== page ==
Police in the city of Cixi, in the mainland Chinese province of Zhejiang, have recently broken up a gambling ring that took bets through a website set up overseas, Chinese-language media from the mainland reported on Thursday.
The reports said the suspects were alleged to have earned illegal profits of CNY50 million (US$7.3 million) through accepting players’ bets on “online baccarat” games.
Since September 1, the police have caught 21 suspects believed to be involved in the alleged Internet gambling ring. This was the second such crackdown in Cixi this year, after the police detained 50 people in late March suspected of being involved in the same case of illegal gambling.
The latest media reports said the illegal online betting case was still being investigated. But the reports did not clarify whether the gambling website was related to casino proxy gambling. The latter refers to where a gambler not physically present in a casino designates a trusted individual as his or her proxy, which is allowed in some regulated gambling markets.
A Thursday report published by Chinese-language Legal Daily cited the police as stating that two alleged ringleaders were suspected to have a connection with a “baccarat gambling website” in the Philippines.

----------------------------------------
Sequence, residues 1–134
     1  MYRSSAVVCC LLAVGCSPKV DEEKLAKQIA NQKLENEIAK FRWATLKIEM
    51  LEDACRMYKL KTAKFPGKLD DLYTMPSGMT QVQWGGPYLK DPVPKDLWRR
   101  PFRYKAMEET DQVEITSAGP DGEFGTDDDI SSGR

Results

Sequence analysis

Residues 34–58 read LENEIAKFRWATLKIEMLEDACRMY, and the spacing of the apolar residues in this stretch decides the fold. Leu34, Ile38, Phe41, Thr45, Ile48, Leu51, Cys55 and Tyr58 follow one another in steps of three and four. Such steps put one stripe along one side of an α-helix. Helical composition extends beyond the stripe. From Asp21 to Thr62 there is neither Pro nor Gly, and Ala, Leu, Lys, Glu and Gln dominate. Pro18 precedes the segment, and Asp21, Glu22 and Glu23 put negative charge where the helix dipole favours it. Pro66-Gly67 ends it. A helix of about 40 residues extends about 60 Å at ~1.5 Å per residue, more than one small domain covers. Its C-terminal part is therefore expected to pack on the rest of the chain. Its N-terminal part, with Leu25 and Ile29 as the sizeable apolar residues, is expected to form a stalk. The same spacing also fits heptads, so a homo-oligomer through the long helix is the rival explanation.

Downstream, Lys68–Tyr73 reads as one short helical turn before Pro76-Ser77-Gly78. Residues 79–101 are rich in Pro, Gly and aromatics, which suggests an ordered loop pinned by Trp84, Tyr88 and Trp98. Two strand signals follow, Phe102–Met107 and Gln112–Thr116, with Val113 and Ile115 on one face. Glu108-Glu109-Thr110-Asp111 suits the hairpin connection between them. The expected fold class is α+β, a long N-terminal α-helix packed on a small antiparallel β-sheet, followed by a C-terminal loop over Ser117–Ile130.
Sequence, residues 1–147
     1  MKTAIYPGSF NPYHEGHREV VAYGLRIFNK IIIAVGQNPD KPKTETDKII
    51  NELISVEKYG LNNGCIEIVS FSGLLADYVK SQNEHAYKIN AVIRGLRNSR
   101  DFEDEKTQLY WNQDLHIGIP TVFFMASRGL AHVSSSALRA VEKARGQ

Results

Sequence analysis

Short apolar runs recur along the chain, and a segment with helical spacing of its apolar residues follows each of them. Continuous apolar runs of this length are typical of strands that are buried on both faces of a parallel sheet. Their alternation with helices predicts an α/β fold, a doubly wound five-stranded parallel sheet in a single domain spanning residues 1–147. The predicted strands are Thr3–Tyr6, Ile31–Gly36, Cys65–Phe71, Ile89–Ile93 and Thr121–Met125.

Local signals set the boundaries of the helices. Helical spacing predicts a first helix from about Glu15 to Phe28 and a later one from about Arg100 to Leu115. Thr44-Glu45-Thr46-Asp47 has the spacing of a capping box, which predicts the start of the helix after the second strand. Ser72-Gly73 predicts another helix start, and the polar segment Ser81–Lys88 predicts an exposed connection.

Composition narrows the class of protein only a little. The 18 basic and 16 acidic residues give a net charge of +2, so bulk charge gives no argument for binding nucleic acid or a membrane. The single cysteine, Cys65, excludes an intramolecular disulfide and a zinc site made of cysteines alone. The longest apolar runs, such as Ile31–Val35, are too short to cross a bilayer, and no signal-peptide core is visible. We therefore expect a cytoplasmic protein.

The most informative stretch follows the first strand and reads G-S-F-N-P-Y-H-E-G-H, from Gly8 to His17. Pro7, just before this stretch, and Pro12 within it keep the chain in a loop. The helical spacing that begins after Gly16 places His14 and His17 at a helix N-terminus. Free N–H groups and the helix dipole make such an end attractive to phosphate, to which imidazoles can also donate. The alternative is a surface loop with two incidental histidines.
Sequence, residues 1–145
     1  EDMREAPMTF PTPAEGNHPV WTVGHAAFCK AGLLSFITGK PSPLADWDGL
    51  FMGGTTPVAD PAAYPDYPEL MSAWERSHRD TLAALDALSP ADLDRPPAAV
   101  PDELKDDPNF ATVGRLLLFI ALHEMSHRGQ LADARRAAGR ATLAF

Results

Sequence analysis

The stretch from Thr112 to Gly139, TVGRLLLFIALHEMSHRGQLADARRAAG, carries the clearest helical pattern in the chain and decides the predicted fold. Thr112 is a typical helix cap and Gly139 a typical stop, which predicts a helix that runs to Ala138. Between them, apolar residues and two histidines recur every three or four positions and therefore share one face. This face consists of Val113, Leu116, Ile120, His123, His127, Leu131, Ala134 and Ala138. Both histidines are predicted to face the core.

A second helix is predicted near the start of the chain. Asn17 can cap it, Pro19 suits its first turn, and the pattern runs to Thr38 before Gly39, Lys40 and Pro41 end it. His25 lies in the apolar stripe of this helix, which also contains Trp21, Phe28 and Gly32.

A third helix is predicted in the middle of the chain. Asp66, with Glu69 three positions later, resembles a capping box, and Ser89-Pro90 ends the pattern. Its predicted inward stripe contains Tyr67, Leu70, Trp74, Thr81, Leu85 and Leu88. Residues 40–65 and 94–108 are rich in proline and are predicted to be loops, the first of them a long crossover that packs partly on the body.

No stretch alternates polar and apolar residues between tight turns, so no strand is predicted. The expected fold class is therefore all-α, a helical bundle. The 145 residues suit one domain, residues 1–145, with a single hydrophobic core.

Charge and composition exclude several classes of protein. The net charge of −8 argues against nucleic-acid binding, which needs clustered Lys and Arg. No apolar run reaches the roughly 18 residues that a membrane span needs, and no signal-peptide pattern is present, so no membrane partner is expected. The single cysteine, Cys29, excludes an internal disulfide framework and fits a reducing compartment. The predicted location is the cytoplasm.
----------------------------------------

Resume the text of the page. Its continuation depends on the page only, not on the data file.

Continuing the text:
Last month, police in the province of Jiangsu disrupted an international gambling ring that took bets through a website set up in the Philippines. At the time, state-run news agency Xinhua said 50 suspects were arrested either in Shanghai, in the eastern Chinese province of Zhejiang, or in the southern provinces of Fujian and Guangdong, and that another six suspects were arrested elsewhere on the mainland after returning from the Philippines and surrendering to officials.
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"I am not going to speculate on what the [casino licence refreshment] tender requirements would be. I have full confidence and faith in the Macau government to treat everyone fairly"
Wilfred Wong Ying Wai
President and chief operating officer of Macau-based casino operator Sands China